These are steps obviously. These steps lead up to a front door. They are used fairly regularly though not everyday, all day. The steps get filtered afternoon sun. The steps were built in summer 2018, and a few months after being built, the client wanted them stained with a very dark tone that the stain manufacturer calls Butternut. It turned out beautiful. To die for actually.
Fast forward one year, and just one year and this is what the steps look like. Warn down in the middle of each and every step yet holding stain nicely on both sides of the middle. Could this have been prevented?
The answer is Yes and No.
Santa Cruz Aptos Soquel Seascape Scotts Valley Felton Live Oak Capitola
This is Batu Hardwood, AKA Mangaris This is the lower deck which for the great most part is completely sheltered from both rain and sun. That being said, I used a very neutral tone with significantly less pigment. The end result was(is) an extremely well protected deck with a very natural look. There’s that word again.
This brand new deck in Santa Cruz was a pleasure and challenge wrapped into one. Springtime proved to be way too consistently variable with heavy rains and winds during the three week span it took me to properly wash and stain this Clear Cedar Deck near Steamer Lane.
These pictures are both taken around 11am after one of the heavier springtime Santa Cruz storms in decades. I chose to showcase them side by side because they tell one of the more important stories regarding deck maintenance. For another time…..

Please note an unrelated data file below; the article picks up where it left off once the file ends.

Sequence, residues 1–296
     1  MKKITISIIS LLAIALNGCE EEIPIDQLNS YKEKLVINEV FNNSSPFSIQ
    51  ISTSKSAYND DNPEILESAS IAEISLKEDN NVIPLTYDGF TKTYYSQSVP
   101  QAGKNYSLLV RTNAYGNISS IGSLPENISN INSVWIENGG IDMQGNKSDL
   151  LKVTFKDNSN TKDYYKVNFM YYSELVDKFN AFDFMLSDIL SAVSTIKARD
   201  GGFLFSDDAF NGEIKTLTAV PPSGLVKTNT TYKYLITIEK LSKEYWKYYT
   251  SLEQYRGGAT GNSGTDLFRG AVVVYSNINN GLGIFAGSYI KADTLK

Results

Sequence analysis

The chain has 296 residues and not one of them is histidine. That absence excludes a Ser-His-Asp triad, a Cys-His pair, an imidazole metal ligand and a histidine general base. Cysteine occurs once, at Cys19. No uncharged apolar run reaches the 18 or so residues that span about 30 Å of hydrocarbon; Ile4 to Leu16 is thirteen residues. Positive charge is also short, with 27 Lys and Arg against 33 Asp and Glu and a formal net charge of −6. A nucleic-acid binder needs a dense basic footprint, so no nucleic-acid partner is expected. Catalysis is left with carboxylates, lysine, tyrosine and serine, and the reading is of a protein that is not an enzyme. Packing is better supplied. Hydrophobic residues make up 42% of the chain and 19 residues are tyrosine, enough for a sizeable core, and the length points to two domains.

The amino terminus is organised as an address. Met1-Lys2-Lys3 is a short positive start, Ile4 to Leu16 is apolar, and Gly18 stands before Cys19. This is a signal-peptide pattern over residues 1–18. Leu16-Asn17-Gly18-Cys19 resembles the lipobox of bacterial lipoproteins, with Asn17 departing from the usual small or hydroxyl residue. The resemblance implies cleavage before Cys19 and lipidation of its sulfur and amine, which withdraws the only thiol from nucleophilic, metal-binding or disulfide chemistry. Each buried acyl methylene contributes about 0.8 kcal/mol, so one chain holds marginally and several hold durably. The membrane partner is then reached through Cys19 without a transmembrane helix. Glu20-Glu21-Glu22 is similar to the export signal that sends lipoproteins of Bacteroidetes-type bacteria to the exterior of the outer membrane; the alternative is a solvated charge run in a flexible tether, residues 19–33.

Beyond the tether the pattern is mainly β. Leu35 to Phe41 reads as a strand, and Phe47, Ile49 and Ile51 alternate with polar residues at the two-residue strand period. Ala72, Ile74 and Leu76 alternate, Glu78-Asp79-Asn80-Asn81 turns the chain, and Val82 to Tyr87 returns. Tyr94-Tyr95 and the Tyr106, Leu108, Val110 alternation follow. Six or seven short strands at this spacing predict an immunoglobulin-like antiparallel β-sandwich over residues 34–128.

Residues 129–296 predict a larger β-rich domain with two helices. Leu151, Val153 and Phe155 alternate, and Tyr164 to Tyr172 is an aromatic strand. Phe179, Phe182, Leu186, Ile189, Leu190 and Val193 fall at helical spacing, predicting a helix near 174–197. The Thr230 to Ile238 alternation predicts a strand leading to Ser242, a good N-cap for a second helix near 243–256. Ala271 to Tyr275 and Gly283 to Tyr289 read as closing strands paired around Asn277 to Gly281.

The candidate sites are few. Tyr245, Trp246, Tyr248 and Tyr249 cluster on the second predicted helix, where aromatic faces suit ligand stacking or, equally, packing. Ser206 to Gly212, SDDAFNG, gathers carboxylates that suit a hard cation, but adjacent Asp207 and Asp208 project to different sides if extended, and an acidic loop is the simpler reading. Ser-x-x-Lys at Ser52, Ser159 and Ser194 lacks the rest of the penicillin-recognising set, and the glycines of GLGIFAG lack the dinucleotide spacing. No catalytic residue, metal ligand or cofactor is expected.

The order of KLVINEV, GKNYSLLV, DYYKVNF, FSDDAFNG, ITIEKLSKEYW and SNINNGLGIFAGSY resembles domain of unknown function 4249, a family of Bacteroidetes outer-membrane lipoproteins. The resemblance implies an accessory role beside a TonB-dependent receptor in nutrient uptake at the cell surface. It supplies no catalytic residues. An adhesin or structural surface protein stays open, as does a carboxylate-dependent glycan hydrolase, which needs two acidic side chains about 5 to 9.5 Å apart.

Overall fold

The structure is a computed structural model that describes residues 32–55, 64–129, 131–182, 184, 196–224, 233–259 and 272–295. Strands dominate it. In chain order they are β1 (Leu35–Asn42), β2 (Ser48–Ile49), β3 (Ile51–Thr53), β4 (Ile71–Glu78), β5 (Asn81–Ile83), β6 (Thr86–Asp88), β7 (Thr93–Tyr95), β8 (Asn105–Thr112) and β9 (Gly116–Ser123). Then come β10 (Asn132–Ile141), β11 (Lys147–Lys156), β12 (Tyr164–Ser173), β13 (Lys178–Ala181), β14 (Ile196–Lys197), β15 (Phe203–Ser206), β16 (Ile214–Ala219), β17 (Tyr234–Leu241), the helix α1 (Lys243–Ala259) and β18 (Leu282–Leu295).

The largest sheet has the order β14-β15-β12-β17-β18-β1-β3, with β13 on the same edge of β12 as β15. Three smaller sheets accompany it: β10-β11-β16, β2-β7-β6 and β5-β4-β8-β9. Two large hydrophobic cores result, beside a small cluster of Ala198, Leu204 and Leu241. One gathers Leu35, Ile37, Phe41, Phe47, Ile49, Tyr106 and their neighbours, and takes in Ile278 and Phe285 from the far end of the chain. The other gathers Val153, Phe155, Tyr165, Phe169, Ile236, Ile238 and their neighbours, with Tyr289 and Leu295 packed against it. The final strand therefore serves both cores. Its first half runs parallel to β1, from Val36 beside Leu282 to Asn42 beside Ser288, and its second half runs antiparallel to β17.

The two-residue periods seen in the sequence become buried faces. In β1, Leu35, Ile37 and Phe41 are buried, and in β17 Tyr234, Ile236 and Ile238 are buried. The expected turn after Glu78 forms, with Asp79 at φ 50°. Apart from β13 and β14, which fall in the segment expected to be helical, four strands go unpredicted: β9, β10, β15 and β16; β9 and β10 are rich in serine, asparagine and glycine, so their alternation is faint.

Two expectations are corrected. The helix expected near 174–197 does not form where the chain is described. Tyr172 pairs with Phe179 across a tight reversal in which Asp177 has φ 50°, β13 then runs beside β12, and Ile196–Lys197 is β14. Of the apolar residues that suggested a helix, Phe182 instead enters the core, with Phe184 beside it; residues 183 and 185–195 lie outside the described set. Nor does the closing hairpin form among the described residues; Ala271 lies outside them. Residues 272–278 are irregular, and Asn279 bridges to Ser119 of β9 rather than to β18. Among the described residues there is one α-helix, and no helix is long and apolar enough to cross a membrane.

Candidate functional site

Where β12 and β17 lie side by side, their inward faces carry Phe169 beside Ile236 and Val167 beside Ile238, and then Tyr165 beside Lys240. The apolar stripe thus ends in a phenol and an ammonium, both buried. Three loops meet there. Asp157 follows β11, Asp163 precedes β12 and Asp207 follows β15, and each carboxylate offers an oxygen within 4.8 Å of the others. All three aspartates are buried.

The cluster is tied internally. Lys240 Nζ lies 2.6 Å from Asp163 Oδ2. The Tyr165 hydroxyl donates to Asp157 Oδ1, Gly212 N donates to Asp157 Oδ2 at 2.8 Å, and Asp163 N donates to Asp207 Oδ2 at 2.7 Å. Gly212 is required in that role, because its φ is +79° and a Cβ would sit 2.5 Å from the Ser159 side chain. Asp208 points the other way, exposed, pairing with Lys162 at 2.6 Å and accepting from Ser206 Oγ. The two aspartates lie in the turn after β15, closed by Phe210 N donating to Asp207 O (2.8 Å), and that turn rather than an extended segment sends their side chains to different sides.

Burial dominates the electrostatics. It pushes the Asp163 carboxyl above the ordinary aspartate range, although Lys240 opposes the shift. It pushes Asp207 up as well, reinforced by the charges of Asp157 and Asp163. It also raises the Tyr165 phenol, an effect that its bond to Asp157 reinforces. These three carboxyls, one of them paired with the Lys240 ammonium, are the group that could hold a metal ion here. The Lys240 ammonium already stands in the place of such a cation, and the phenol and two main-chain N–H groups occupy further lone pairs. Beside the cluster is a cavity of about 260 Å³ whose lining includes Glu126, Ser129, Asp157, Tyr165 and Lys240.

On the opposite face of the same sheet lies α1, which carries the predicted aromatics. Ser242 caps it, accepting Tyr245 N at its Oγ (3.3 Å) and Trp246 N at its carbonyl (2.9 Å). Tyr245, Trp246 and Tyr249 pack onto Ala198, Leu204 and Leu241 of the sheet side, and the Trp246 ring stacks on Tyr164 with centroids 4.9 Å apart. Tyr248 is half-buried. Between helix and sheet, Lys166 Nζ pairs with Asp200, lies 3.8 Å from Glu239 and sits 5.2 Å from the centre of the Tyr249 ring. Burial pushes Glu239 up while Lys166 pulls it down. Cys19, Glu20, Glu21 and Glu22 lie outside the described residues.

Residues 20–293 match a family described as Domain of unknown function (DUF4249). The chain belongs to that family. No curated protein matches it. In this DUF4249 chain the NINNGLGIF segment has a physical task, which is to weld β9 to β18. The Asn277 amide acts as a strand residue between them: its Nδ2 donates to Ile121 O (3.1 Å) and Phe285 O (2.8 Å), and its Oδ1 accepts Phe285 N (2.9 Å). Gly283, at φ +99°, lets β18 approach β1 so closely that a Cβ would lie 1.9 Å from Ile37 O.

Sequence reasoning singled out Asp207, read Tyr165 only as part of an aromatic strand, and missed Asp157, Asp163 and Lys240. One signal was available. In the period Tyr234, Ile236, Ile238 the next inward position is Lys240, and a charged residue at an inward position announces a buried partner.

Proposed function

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I know why water beading doesn’t get old even though it isn’t the “end all” indicator as to whether or not a wood deck is in need of maintenance. It is however safe to say that if water is beading on your deck, there is likely plenty of product protecting the boards.
These photos are of identical nature, taken one after the other, at 3pm in the shade. They help explain a thing or three which likely answers many questions. Hopefully yours too.
Where you see water beading means that those boards have been washed and stained AND the stain is dry. Where you see water that has penetrated the wood means that those boards have been washed only. It’s safe(enough) to say that the stained boards don’t look all that much different than the wet boards.(And for the record, the “wet” boards are really only damp, certainly not soaked.)
This photo lined up nicely to show some tone examples. The picnic table isn’t quite as new as the deck itself, the deck was newly constructed early in the summer 2019. The location is the Pleasure Point area of Live Oak.
We waited about three months before washing and applying the initial coat of stain. We chose a very neutral tone,(middle portion of deck) almost a base coat for the deck, and fattened the picnic table up with a much more aggressive, darker bit of pigment.
All shots worth sharing, especially if you have a cedar deck, in this case Clear Cedar. Again, each picture here can definitely tell its own story. This deck is under a year old with a horror story or two attached to it prior to me getting my hands on it. We decided on a very neutral transparent pigment. The client wanted to begin the process slowly, promising to maintain the deck as needed. The goal to begin this deck’s journey was to create a tone that would look like the deck looks when it gets wet. This beauty takes on eight hours of hot sun per day in the summer time.